Cesium in fish off Fukushima not declining
Tokyo: Radioactive cesium levels in most kinds of fish caught off the coast of Fukushima haven`t declined in the year following Japan`s nuclear disaster, a signal that the seafloor or leakage from the damaged reactors must be continuing to contaminate the waters possibly threatening fisheries for decades, a researcher says.
Though the vast majority of fish tested off Japan`s northeast coast remain below recently tightened limits of cesium-134 and cesium-137 in food consumption, Japanese government data shows that 40 per cent of bottom-dwelling fish such as cod, flounder and halibut are above the limit, Ken Buesseler, a marine chemist at the Woods Hole
Oceanographic Institution in Massachusetts, wrote in an article published today in the journal Science.
In analysing extensive data collected by Japan`s Ministry of Agriculture, Fisheries and Forestry, he found that the levels of contamination in almost all kinds of fish are not declining a year after the March 11, 2011 disaster.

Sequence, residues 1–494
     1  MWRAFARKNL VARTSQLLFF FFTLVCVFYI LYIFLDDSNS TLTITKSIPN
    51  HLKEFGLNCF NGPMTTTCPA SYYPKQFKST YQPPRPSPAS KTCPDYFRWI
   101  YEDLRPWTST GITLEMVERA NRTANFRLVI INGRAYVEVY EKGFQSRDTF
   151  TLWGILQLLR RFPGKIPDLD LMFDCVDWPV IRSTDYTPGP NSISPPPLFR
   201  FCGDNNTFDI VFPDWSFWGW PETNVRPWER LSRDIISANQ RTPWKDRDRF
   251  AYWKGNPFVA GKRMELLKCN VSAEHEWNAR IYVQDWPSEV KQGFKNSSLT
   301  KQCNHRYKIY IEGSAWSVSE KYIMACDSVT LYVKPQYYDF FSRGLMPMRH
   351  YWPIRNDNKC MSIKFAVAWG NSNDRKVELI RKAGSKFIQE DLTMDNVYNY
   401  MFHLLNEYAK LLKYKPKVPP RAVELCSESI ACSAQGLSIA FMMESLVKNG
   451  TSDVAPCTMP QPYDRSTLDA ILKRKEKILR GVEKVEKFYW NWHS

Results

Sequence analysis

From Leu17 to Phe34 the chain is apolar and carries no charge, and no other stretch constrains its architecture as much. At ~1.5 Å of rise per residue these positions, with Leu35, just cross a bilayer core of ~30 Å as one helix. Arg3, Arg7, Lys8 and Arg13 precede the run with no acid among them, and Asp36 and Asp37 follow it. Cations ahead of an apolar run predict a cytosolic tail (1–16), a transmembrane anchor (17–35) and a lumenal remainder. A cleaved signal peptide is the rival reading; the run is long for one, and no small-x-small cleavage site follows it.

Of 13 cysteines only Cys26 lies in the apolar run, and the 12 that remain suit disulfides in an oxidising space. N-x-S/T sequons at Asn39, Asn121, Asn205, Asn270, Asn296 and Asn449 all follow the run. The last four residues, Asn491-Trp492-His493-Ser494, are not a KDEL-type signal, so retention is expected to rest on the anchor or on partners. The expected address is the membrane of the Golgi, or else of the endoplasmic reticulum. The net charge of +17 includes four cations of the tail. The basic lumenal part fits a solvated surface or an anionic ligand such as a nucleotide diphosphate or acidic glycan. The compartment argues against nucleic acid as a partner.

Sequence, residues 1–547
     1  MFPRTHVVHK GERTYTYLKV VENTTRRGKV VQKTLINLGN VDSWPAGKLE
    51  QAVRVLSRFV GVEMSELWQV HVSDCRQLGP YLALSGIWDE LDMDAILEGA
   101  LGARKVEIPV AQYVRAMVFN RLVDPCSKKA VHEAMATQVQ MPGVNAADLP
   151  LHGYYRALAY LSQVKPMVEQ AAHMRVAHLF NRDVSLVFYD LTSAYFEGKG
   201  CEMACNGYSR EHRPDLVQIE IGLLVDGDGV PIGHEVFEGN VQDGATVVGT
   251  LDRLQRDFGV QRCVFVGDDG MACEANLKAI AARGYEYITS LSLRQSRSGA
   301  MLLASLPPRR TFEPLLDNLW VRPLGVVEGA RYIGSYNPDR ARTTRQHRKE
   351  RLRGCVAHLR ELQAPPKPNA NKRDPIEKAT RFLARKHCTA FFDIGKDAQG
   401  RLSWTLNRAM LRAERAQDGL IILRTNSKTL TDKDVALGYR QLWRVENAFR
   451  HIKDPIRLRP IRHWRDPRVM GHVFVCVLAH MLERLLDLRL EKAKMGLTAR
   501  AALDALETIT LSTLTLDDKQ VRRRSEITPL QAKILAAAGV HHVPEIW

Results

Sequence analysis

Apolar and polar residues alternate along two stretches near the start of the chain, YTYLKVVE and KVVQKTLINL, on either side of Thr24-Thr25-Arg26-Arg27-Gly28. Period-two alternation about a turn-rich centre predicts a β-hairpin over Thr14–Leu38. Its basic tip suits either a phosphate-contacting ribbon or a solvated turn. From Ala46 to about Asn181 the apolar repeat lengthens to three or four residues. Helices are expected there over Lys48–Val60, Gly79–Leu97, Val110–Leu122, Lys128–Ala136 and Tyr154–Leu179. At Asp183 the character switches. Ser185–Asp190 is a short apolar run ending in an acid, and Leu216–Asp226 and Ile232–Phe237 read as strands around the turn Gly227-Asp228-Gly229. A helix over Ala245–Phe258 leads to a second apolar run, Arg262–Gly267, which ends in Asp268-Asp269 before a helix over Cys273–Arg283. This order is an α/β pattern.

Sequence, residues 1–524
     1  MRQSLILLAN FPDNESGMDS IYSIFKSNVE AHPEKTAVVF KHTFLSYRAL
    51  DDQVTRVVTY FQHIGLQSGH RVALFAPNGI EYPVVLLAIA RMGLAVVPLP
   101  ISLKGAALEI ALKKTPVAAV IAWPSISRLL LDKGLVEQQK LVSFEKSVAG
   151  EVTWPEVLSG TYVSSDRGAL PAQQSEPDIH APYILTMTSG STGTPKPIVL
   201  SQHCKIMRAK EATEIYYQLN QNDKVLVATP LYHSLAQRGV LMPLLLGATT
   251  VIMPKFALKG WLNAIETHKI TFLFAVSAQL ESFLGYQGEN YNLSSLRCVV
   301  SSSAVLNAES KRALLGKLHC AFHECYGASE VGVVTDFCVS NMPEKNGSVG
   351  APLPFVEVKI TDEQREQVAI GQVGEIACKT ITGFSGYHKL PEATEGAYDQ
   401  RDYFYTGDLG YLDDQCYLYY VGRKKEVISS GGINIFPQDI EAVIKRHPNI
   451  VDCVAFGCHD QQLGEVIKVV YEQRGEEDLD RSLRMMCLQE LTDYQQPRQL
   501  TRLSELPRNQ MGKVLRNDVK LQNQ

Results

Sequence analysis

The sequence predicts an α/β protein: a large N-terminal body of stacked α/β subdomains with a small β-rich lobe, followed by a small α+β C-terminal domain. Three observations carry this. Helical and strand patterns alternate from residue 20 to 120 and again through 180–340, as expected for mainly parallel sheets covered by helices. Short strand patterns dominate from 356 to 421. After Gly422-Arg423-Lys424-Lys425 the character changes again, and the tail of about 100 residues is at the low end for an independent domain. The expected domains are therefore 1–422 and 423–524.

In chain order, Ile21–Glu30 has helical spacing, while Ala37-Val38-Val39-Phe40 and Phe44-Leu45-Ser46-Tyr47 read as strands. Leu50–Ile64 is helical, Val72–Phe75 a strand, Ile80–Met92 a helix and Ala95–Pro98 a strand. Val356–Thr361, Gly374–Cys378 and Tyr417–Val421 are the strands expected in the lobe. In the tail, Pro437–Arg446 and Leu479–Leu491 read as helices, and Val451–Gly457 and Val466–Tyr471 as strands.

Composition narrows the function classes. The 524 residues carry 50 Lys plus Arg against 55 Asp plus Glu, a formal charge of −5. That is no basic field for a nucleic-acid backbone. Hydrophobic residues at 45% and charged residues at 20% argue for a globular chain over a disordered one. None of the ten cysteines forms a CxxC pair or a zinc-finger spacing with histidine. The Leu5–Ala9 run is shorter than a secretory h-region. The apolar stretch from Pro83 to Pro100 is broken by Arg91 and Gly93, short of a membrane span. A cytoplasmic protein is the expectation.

An earthquake and tsunami knocked out the Fukushima Dai-ichi plant`s vital cooling system, causing three reactor cores to melt and spew radiation onto the surrounding countryside and ocean.
"The (radioactivity) numbers aren`t going down. Oceans usually cause the concentrations to decrease if the spigot is turned off," Buesseler told The Associated Press in an interview. "There has to be somewhere they`re picking up the cesium."
"Option one is the seafloor is the source of the continued contamination. The other source could be the reactors themselves," he said.
The safety of fish and other foods from around Fukushima remains a concern among ordinary Japanese, among the world`s highest per capita consumers of seafood.
Most fish and seafood from along the Fukushima coast are barred from the domestic market and export. In June, authorities lifted bans on octopus and sea snails caught off Fukushima after testing showed very low levels of radiation.
But the most contaminated fish found yet off Fukushima were caught in August, some 17 months after the disaster. The two greenlings, which are bottom-feeders, had cesium levels of more than 25,000 becquerels per kilogram, 250 times the level the government considers safe.
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